On the other hand, suppose that you live in New York, and that one day your life is abruptly interrupted - you discover yourself in a vat with cables stuck in your body. If you plug the cables back in, you go back to New York. In this situation, it would be rather perverse to suppose that New York is real and the vat with cables is the simulation.

Perhaps you are just put off by the word "real", so if it makes you feel more comfortable, replace "real" with "unsimulated". So instead of a "real" and a "fake" world, you have a "simulating" and a "simulated" world. Neither world is inherently better than the other, of course; which world you happen to like more is an entirely contingent matter.
 
  • #30
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Originally posted by Psychodelirium
You might find while reading Dennett that he is much more interested in "practical" constraints than he is in "principled" constraints. I think Dennett is basically a functionalist, so I can't see any reason why he would say that Matrix scenarios are impossible in principle.



But what does that have to do with anything? The idea is to create a simulation that is rich enough to fool us into thinking that it is real (not to beg any questions about "real-ness", to be "real" in this case is just to not be simulated). It is not, however, to simulate a state-for-state replica of the real world. What would be the point of that?

All of the quantum effects that we observe could be governed by deterministic constraints (and in fact, some rival interpretations of QM suggest just that). Even if, for some bizarre reason, you wanted the simulation to have irreducibly random features, it's a trivial matter to build in some kind of quantum amplifier into the computer.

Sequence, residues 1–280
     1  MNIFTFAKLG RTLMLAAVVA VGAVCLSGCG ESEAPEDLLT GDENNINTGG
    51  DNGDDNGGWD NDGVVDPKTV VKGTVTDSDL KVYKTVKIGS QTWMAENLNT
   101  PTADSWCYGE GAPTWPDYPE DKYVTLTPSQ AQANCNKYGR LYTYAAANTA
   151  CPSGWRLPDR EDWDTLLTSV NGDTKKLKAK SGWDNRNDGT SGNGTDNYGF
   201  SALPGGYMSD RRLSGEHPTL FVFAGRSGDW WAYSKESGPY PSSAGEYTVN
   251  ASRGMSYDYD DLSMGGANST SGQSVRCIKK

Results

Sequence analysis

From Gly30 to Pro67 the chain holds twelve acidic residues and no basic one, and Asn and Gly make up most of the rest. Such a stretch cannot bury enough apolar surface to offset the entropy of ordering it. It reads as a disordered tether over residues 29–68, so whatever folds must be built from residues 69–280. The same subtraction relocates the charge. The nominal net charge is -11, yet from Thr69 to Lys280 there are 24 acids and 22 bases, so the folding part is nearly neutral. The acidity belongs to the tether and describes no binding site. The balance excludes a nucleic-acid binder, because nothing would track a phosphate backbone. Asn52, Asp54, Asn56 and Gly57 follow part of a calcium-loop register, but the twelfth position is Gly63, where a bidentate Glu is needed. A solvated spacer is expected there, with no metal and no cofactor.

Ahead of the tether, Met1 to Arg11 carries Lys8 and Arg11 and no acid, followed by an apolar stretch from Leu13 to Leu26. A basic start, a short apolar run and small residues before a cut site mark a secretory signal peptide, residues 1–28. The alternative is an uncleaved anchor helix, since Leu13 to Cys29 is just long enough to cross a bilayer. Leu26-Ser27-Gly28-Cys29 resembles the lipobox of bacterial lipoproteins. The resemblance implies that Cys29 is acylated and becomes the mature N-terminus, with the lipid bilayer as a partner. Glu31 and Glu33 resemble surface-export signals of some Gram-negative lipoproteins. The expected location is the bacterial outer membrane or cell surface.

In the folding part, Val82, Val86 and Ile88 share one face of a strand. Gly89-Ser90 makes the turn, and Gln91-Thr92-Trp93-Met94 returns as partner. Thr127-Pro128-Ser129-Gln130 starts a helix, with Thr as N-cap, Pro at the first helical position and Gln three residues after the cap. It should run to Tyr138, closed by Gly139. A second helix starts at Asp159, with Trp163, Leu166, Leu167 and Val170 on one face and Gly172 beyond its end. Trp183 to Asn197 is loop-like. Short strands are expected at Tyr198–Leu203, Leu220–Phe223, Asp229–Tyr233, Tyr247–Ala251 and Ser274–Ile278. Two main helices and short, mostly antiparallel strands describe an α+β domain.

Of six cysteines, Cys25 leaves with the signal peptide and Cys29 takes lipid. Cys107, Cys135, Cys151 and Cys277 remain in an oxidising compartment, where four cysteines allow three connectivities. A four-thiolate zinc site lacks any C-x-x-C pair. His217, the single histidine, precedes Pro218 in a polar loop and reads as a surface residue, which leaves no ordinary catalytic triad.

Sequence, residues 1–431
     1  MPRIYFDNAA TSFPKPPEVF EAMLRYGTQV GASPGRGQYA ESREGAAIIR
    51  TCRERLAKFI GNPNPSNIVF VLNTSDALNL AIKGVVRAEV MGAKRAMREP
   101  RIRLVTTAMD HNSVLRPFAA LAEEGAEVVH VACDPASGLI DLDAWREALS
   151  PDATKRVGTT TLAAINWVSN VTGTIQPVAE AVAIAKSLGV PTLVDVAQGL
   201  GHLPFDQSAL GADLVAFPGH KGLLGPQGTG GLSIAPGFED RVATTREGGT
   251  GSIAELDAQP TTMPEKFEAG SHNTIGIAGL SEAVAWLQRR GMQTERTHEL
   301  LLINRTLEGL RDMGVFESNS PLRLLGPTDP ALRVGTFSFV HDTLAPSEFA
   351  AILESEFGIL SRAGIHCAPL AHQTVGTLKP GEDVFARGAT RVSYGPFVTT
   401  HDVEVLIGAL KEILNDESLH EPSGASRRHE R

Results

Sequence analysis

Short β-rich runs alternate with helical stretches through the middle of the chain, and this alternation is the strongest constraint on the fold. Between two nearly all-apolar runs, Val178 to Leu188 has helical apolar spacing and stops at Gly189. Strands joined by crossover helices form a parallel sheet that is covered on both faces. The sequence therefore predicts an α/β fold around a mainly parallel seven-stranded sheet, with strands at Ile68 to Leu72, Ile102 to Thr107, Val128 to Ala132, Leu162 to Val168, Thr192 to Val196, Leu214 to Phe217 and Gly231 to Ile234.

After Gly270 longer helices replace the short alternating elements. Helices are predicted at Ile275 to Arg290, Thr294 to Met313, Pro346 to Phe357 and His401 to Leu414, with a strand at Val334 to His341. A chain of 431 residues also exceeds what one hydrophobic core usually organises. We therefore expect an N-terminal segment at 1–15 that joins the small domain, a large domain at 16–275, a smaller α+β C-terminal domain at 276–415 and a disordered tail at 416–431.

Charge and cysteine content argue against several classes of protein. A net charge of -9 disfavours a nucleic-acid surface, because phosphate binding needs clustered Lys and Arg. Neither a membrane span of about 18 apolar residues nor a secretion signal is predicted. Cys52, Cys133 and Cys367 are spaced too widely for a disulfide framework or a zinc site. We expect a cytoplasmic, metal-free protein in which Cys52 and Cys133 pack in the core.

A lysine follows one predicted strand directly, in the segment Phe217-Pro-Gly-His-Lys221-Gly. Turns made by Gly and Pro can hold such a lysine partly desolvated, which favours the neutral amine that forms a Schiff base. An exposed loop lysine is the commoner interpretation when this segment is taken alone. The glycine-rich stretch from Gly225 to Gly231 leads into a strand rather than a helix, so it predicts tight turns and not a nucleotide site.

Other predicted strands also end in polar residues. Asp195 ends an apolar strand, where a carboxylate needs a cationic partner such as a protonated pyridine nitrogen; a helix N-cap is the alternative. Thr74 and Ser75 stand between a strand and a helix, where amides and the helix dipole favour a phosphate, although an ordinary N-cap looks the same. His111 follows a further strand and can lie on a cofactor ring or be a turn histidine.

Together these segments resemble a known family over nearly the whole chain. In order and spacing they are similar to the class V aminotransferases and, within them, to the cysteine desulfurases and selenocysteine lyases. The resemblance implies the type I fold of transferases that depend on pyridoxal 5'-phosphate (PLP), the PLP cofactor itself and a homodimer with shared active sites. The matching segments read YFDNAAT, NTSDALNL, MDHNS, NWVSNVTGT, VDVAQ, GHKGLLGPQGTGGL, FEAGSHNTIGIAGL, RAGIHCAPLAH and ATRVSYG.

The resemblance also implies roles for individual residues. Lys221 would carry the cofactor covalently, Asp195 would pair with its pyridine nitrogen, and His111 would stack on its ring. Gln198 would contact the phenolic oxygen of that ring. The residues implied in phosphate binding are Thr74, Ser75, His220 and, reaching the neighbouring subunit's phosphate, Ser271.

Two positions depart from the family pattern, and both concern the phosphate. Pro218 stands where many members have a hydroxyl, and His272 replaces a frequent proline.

True. And yet, I don't see how that answers the "free will" question. Yes, you could make all of the people's actions be programmed, and set; but, if that were so, no one would ever leave the Matrix (the agents wouldn't let them, and they (the people) would have no "will" to try it).

Also, how does one explain the fact that Neo bled (in the real world) after having hit the ground in the simulation? That questions been bothering me for a while.
 
  • #31
Originally posted by Mentat
True. And yet, I don't see how that answers the "free will" question. Yes, you could make all of the people's actions be programmed, and set; but, if that were so, no one would ever leave the Matrix (the agents wouldn't let them, and they (the people) would have no "will" to try it).
But users' idiosyncratic input historoies aren't programmed into VR simulations. What is programmed are the VR responses to possible inputs. This is precisely why a VR program that was as good as the Matrix would run into combinatorial explosion while trying to figure out how to respond to the user. There are just too many things that users can do, and the program has to react to all of them convincingly.

Also, how does one explain the fact that Neo bled (in the real world) after having hit the ground in the simulation? That questions been bothering me for a while.
That I don't know. I wouldn't be surprised if there was some kind of feedback mechanism that the brain could use to cause internal bleeding if the brain was convinced that there was, in fact, bleeding. [?]
 
  • #32
3,762
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Originally posted by Psychodelirium
But users' idiosyncratic input historoies aren't programmed into VR simulations. What is programmed are the VR responses to possible inputs. This is precisely why a VR program that was as good as the Matrix would run into combinatorial explosion while trying to figure out how to respond to the user. There are just too many things that users can do, and the program has to react to all of them convincingly.
Do you mean that a computer has to be ready to handle all possible actions at any given time? This was my point, and I just don't see how it could be done. But, then again, I guess future technologies will allow for something like that.

That I don't know. I wouldn't be surprised if there was some kind of feedback mechanism that the brain could use to cause internal bleeding if the brain was convinced that there was, in fact, bleeding. [?]
Well, actually, it would have to (somehow) sever many layers of his flesh.